Does stock photography help…or hurt?
Posted by Dave McCue on March 14th, 2012
What is your initial reaction to this stock photo?
- I trust him, he’s confident
- I don’t trust him, he’s arrogant
- Someone should punch him
Cast your vote
The Stock Photography Conundrum
Almost anyone who works in design or marketing has faced the challenge of selecting effective stock photography to use as part of print or online materials. On occasion, it is possible to find the perfect image to complement your message, but all too often the result is a cliché or simply doesn’t add much value.
For marketers who don’t have a tangible product, this can be a real challenge. How do you graphically represent “consulting services” without resorting to one of the usual “business people conducting business” images that are out there?
One strategy to avoid the same old is to be less literal with the images. Rather than showing pretend business people pretending to consult, look for an image that conveys the transfer of creativity, such as a paintbrush against a canvas. It’s difficult to make definitive statements around this topic because the audience of different verticals (or even different brands within the same vertical) can be very different in the way they interact with content, but it can be safely said that you’re missing an opportunity when the same stock image used to convey the value of your services is being used by another company offering the same services.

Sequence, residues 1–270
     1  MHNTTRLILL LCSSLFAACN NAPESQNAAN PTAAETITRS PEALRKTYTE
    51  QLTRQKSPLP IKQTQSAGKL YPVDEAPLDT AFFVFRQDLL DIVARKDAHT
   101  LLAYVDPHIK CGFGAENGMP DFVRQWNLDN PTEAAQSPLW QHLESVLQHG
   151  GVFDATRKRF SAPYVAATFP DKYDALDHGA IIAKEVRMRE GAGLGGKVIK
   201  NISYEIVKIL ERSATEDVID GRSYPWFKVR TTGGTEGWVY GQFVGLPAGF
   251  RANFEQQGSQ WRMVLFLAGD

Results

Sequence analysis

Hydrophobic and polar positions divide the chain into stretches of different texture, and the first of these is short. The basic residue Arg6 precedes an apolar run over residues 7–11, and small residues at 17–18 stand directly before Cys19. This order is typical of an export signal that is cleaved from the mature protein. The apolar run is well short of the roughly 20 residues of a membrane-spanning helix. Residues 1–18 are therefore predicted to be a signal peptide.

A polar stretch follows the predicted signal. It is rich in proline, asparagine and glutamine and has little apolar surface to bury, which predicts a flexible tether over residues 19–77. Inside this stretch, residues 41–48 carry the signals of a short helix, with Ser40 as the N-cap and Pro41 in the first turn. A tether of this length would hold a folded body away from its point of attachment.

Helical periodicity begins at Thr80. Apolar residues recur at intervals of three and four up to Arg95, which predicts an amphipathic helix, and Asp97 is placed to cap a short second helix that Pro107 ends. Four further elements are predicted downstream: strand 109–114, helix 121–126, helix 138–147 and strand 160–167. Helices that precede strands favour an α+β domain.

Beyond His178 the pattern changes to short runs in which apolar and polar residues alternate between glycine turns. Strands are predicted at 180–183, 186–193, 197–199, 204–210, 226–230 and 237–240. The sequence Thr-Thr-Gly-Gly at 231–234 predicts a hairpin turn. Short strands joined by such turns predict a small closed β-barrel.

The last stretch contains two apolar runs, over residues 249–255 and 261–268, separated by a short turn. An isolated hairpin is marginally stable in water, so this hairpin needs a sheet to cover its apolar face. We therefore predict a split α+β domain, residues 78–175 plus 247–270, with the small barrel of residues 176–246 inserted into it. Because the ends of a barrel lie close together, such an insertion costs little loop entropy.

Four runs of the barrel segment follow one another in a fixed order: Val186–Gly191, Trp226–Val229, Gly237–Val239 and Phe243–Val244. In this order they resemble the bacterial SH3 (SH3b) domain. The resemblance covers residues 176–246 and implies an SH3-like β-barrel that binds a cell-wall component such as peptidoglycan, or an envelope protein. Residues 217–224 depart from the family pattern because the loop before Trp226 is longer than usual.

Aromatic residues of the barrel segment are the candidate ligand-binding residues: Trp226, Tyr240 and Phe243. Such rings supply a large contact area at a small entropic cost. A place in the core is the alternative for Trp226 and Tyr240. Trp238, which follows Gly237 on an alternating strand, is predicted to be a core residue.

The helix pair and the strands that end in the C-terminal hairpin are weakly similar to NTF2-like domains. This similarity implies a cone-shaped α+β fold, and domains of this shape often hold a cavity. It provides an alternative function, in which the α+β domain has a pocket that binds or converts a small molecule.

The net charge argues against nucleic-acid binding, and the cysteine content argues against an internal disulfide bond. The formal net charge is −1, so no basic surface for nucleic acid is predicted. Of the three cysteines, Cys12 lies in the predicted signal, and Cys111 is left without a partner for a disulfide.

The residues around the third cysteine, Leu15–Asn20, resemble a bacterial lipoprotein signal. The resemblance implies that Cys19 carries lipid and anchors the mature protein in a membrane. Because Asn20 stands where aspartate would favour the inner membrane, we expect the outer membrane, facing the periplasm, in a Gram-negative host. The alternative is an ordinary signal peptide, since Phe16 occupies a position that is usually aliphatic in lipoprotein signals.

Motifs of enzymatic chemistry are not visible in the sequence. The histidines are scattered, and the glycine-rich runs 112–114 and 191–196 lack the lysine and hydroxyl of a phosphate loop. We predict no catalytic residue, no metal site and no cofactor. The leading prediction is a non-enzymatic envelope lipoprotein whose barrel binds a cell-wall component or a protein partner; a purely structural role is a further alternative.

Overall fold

Adding Value to Emails
The limited real estate of an email message is no place for extraneous images. One of the most important benefits that images provide is a higher degree of scanability when it comes to email messages. Often, they can be used to separate unrelated elements of a message (product promotions, upcoming events, latest news) to make it clear to the reader/scanner that there is something else to see if they aren’t immediately drawn in by the first lines of text. Even in these instances where the images serve as a component of message layout, they should be carefully considered.
Ideas for Testing
Searching around the web can turn up various studies related to web users’ response to different types of images. As noted above, however, such findings are not necessarily relevant to your business or your audience. Instead, use these ideas to guide a test (or series of tests) on your emails, landing pages, etc. Do your emails drive more clicks with stock photography, custom graphics, or no graphics at all? What impact do different images have on your landing page, and are you seeing an effect on conversion rate? Lastly, ask colleagues or (preferably) people outside of your organization how they feel about the stock images you plan to use, and take their feedback to heart. You might find that “young-businessman.jpg” doesn’t just sound generic, but he rings hollow with message recipients as well.